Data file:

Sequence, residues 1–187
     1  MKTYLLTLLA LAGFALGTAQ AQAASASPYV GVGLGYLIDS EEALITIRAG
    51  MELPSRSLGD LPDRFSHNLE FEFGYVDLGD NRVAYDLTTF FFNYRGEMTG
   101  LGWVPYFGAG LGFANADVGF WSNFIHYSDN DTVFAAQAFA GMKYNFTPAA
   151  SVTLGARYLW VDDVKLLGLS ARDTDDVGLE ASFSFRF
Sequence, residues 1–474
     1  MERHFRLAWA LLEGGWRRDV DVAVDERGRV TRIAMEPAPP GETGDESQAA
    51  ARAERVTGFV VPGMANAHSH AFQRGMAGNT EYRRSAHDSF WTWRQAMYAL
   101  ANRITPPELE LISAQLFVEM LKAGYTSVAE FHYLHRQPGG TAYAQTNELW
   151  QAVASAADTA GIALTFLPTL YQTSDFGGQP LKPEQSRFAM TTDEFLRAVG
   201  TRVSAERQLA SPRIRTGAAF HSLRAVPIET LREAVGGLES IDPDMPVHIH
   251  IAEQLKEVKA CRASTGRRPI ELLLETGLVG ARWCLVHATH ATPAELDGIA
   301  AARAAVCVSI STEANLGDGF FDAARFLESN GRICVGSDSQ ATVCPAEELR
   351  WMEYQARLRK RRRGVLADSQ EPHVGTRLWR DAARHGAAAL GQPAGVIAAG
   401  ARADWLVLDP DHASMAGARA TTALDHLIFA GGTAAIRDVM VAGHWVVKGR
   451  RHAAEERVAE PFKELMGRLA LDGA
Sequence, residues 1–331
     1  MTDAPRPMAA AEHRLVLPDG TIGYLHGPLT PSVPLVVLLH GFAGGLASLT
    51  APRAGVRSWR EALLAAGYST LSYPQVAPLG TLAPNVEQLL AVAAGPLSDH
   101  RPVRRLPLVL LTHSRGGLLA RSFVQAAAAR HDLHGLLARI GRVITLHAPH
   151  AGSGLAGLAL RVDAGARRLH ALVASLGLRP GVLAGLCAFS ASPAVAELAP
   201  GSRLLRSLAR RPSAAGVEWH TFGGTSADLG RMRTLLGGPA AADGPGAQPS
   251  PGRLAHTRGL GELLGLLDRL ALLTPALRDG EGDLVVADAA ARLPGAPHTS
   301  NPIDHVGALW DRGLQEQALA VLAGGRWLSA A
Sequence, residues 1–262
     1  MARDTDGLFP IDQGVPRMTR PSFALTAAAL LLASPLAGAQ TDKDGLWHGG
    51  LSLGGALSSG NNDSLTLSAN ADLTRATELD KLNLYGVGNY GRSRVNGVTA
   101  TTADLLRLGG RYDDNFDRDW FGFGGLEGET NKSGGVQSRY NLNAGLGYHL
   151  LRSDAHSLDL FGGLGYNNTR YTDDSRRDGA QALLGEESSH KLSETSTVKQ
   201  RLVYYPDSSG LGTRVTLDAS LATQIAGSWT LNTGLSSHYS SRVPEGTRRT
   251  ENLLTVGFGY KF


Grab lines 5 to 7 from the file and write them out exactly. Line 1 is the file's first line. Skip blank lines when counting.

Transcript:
   151  SVTLGARYLW VDDVKLLGLS ARDTDDVGLE ASFSFRF
Sequence, residues 1–474
     1  MERHFRLAWA LLEGGWRRDV DVAVDERGRV TRIAMEPAPP GETGDESQAA